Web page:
In addition to standard radiation sensors, a small frame can be attached to accommodate other instrument configurations, mirrors for daylighting applications or small parabolic dishes for thermal or fiber optic daylighting systems.

The MiniTrak™ is pole-mounted with a levelling bubble to facilitate precision installation. The unit will provide, without the use of the available calibration procedures, about +/- 0.25 degrees (4 mrad) of accuracy.

More accuracy can be obtained using the calibration procedure contained in the included PC Interface software. This interface is not needed for the tracking function but is useful for calibration and operational monitoring. Several tracking units can be networked to the same PC monitor using inexpensive RS-232 communications.

The MiniTrak™ instrumentation platform was designed at the request of engineers at Sandia National Laboratories to fulfill the need of more dependability and lower cost.

Equipment available previously were expensive ($10K), depended on external power, required external computer equipment for control and used stepper motors which drift due to skipping or missing steps. Other clock-motor versions require a daily visit to unwrap the wire from around the base of the rotating platform.

The MiniTrak™ system can mount ten instruments on the side rails. It uses photovoltaic panels (PV) to charge batteries for system power, uses the SolarTrak® embedded control system, doesn't drift and costs far less than previously-available products..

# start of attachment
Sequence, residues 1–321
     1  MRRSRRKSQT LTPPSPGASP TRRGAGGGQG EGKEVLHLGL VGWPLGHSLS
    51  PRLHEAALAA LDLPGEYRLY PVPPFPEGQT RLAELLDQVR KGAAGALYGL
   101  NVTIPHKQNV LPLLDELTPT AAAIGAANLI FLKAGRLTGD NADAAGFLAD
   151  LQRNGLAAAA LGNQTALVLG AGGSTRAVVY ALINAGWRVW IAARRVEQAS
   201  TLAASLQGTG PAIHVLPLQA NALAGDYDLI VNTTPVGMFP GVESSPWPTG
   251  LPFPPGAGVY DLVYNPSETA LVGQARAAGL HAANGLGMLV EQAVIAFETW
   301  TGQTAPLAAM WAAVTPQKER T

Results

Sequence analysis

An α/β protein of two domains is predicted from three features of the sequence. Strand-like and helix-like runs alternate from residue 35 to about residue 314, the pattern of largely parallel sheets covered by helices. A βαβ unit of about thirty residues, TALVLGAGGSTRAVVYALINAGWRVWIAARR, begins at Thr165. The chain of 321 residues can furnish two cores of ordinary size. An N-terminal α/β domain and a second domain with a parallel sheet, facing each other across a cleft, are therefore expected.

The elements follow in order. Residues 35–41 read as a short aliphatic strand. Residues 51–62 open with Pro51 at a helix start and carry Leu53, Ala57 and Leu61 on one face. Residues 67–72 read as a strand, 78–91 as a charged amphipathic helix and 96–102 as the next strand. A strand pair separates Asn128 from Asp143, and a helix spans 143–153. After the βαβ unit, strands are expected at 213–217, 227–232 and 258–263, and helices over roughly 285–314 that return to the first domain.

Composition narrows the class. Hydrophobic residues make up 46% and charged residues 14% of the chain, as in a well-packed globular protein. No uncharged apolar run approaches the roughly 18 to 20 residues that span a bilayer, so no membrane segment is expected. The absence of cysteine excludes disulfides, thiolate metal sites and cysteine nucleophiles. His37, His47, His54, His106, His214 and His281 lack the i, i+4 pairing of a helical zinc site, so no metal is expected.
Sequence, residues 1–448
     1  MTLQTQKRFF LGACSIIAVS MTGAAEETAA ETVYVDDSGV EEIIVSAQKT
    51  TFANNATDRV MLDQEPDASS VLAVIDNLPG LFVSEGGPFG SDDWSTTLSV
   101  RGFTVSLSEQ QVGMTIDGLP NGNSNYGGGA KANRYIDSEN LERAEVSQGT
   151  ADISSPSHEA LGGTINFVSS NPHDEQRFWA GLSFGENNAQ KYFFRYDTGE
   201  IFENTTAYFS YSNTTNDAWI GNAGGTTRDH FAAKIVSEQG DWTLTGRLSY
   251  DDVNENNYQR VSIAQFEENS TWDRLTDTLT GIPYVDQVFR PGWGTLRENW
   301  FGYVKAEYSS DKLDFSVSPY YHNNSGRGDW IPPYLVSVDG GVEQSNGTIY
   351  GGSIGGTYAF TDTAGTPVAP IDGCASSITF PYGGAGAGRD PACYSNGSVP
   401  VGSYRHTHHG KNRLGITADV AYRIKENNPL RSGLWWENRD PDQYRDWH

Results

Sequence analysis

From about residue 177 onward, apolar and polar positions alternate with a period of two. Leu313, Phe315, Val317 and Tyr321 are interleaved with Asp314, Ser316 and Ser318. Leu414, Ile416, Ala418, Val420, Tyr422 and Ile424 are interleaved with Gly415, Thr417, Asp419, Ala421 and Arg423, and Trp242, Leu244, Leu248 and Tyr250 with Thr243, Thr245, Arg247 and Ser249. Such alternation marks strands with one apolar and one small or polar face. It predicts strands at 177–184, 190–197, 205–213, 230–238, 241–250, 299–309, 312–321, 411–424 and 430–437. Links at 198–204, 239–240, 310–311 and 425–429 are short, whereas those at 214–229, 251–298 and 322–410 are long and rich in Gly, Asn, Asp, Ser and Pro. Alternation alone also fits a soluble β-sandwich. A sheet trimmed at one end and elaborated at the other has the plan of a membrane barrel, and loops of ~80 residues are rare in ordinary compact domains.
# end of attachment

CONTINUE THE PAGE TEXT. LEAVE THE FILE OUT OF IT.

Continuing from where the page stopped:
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The reflective sun pointer, whuch could possibly reduce the overall response to the instrument, can be stowed down out of the way while tests are in progress. It is actually only necessary to deploy the pointer while installing and once in a while to check the tracking accuracy.

A new option just created for Sandia National Laboratories is the PSP Auto-Shade, used to calibrate solar insolation devices that measure ambient light and require periodic data baseline adjustments.

The unit is driven by the SolarTrak controller such that it changes state every 90 seconds (programmable by the user) and moves either 90 degrees or 180 degrees per cycle. This application is a good use of a stepper motor where little outside influence is involved that can make the motor skip a step.